NIGER students in Benin have taken their embassy officials and diplomats hostage as a means of pressurising the government to disburse scholarships and bursaries.
Aggrieved students enrolled at the Universite Nationale du Benin, surrounded the Niger embassy in Benin's capital, Cotonou, disrupting official duties. About 200 students invaded the embassy, overpowered the security guards and barricaded the main gates, trapping some diplomats inside the building.
When the Niger ambassador approached the premises in his car, he saw what was happening and ordered his driver to beat a fast retreat.
From inside the embassy the students telephoned the Niger education ministry in Niamey to inform officials of the situation. A member of the ministry assured the protesters that the outstanding bursaries and scholarships would be paid.
Beninoise authorities, sympathetic to the Niger students' plight, refrained from dispersing them and instead dispatched police to observe events at the embassy from a safe distance.
After three days of occupation, the students agreed to return to campus, warning that they would repeat the action if their bursaries were not paid within five weeks.
Meanwhile, similar events unfolded in Zaria, a university town in northern Nigeria.
Niger students studying at the Ahmadu Bello University and Kaduna Polytechnic took hostage three Niger Republic senior officials at Zaria in response to their government's failure to settle a backlog of registration fees and student allowances.
Speaking on the BBC's Hausa Service, student leader Malam Usman Sa'ad, said he wanted the Niger government to pay the students all their registration fees and their allowances, which they were supposed to collect at ABU and Kaduna Polytechnic.
He complained that for more than two years, the government had withheld money and as a result many students were forced to roam the streets of Zaria, Kaduna, and Kano looking for work to finance their studies.
This is why, he explained, they were holding the three officials hostage. He said that despite demands by the authorities of ABU and Kaduna Polytechnic for the payment of the fees and other charges, the Niger government had refused to acquiesce.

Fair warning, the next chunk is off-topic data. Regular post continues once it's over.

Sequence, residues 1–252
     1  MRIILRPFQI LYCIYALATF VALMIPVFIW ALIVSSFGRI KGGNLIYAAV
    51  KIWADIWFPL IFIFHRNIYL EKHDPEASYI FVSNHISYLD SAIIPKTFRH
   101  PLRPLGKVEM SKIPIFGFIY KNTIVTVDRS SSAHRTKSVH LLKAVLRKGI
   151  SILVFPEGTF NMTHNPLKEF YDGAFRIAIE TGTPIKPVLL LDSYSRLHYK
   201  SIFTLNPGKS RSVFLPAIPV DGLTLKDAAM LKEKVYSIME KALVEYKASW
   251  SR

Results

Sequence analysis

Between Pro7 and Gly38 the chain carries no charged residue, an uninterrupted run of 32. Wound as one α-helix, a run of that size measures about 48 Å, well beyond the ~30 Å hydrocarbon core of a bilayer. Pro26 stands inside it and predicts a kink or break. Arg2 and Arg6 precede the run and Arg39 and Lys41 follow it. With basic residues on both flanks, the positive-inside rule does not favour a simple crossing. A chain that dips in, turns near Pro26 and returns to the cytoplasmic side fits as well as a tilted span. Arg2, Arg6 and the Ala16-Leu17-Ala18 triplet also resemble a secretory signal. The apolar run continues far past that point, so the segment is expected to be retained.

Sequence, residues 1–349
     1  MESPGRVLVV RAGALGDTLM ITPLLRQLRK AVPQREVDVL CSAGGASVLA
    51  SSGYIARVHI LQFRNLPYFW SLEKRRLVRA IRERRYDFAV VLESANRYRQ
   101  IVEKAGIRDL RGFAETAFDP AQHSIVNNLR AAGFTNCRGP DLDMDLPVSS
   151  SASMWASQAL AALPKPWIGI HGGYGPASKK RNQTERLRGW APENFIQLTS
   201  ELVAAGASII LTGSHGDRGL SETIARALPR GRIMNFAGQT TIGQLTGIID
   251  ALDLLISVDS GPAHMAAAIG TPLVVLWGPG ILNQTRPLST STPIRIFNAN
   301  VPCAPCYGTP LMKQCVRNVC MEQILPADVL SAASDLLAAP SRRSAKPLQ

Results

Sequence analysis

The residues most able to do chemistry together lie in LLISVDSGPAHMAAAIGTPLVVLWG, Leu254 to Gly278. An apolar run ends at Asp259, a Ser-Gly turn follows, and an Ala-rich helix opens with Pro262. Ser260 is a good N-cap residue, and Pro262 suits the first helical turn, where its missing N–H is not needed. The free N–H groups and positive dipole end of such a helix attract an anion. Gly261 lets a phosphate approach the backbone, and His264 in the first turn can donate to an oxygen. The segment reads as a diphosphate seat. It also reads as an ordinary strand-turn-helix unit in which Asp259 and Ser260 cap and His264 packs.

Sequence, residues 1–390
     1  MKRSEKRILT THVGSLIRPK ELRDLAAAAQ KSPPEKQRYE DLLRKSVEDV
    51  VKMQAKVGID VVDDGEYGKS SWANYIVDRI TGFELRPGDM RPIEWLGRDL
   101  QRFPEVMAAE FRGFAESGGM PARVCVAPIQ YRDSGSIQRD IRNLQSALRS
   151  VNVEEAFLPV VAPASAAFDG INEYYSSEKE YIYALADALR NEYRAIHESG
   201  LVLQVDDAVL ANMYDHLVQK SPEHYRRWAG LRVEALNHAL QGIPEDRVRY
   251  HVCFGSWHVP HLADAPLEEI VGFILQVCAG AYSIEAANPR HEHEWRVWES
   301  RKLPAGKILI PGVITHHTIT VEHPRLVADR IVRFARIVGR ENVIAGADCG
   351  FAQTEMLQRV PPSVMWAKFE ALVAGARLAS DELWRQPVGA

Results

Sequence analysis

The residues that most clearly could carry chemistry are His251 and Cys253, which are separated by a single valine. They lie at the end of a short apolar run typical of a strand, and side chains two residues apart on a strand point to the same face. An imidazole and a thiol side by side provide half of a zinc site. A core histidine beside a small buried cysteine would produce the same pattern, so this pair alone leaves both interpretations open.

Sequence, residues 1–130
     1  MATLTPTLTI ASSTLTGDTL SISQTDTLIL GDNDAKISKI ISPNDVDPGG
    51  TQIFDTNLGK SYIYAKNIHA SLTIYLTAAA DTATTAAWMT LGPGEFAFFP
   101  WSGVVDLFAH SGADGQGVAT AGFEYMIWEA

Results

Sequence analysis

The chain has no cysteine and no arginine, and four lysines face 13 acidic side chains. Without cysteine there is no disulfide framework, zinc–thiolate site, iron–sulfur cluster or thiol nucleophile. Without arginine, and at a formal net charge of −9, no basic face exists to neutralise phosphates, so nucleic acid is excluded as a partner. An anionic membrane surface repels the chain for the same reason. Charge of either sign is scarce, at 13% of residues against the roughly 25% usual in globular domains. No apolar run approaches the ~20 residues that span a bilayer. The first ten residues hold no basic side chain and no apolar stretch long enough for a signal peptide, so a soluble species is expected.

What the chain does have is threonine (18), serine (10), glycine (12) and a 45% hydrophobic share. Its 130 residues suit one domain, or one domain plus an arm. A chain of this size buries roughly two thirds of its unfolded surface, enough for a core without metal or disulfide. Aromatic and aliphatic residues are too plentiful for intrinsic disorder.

The government's failure to settle the backlog of fees, according to Sa'ad, has led to threats by ABU and Kaduna Polytechnic to bar all Niger students from attending classes.
Sa'ad dismissed the claim of the Niger minister of higher education that there was only a five-month backlog and said it was 30 months. "Our minister's claim over our outstanding allowances is not true," he said.
The student leader has requested that the Niger government take responsibility for the education of its students by settling all of the backlog.
"It is the responsibility of the government to fulfil its educational obligations by paying us our food and accommodation allowances," Sa'ad said.
"It was based on these arrangements that we were asked to come to Nigeria and study," he continued.
The hostages would not be released until the students' demands had been met.
When asked what the hostages were being given to eat, Sa'ad said: "Whatever we eat here is what we give them. If we eat sand, we feed them sand, for breakfast, lunch and supper.
"Since the Niger government does not appreciate our suffering in Nigeria, when they (the hostages) go back home, they will have a good story to tell the government about our plight here in Nigeria."
12Jnews africaTHE TIMES 7Jjune 5 1998 panos